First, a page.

The U of Minn should pioneer a new college football sport, with social distancing. Each player in uniform should wear the same kind of plastic bubble they already make for kids. Their body from waist to neck is in a big clear soft airbag, with a 3 foot radius, so six feet distancing. Tackles don’t involve arms, as those are pinned inside their bag. I guess we could let quarterbacks and receivers have their arms free. But any collisions end up with the students bouncing and rolling on the field. This would also reduce brain traumas.
    As this is no longer NFL prep, they don’t need a coaching staff that makes any more than does a Teaching Assistant in any other department. The head coach should make $50-$60,000 per year, for example. After all, anyone could coach students how to bounce in bubble wrap with the same expertise as anyone else, as it’s new in college sports.
    Would there be TV revenue if the only college sports available were this, plus Taiwan baseball? I think so. So do it. It is as academically useful as the trauma version.

  4. Becky Smith says

    “ A fiscal year 2020 budget of $153,891,331 was approved Friday by the University of Georgia Athletic Association Board of Directors during day two of its annual spring meeting. The budget figure of 153.9 million represents an increase of over seven percent from the 2019 fiscal year.” May 24, 2019

    Kirby Smart’s salary is $6.43 million.

    Football is a religion here in Georgia. And…per our Governor, we’re open for business. Hahaha!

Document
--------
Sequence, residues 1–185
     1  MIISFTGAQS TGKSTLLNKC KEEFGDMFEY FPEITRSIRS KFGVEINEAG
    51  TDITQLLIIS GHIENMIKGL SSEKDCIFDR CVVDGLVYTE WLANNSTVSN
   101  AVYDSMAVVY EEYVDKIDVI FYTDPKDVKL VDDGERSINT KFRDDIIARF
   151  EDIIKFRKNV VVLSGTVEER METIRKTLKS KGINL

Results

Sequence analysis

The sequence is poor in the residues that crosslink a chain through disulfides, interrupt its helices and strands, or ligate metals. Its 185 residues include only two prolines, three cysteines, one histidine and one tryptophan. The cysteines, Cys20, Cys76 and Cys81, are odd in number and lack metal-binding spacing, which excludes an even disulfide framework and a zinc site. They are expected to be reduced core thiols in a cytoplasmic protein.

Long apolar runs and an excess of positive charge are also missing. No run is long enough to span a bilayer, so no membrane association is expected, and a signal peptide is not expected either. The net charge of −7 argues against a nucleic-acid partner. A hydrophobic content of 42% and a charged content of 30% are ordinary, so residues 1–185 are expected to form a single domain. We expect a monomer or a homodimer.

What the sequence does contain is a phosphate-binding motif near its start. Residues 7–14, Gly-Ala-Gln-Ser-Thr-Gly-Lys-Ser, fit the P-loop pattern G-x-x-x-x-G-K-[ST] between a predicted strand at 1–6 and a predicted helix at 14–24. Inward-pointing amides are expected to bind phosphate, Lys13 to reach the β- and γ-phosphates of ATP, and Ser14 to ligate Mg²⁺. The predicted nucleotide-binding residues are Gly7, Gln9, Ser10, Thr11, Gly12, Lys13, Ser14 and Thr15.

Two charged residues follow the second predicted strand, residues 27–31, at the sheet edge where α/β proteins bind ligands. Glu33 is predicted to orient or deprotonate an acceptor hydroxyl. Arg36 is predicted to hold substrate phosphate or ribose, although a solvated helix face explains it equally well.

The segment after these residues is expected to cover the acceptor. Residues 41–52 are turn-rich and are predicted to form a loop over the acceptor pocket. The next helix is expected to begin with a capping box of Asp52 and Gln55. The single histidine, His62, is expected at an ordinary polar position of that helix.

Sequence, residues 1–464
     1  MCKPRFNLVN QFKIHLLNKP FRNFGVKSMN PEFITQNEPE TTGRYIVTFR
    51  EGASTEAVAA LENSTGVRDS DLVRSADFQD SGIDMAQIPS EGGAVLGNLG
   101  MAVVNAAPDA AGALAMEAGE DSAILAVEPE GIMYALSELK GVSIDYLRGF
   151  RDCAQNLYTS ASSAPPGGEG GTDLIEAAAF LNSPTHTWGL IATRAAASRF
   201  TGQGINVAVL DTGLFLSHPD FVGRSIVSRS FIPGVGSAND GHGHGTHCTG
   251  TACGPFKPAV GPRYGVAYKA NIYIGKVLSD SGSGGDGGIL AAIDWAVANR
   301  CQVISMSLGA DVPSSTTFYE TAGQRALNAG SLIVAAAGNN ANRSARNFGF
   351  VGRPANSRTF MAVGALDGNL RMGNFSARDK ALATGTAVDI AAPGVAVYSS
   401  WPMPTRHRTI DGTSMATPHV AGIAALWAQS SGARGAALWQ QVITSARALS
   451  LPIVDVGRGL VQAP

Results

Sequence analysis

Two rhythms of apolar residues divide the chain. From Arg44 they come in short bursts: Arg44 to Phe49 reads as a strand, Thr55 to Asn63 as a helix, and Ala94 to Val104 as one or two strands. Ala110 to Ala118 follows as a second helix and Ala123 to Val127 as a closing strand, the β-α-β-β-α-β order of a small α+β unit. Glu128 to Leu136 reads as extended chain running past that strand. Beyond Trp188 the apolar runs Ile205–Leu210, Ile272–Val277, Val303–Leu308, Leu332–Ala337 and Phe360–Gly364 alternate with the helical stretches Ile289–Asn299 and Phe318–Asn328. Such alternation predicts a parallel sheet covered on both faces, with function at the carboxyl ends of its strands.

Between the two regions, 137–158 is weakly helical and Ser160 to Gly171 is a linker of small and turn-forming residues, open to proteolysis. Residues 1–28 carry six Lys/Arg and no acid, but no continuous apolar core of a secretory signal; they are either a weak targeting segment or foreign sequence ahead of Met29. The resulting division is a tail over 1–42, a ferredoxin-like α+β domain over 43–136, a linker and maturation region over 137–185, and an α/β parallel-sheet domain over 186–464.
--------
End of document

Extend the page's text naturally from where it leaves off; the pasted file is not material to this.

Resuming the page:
5. says

    The University of Minnesota head football coach is paid $3.6 million per year, which is insane. And it’s going up to $4.6 million next year!

    That’s a 10% cut, right?

  6. says

    I’m always annoyed by projections that revenues have dropped, therefore belt-tightening below the C suite… without considering that some nonfixed expenditures will drop, too.

    Maybe the U of M is going to do the right thing and continue to pay its hourly workers in the residence halls. Maybe.

    But utility costs (power, water, sewage) will be less. Expendables, ranging from filters to paper towels to handsoap to floor wax, will be less. The effort and expense necessary to ensure that maintenance can be done without disrupting residents will be less (and believe me, this is nontrivial and runs 10% or more of maintenance costs on an occupied residential facility, if only because one ends up paying a premium for restricted schedules). Further, things will break less often; just consider the reduced wear on plumbing fixtures!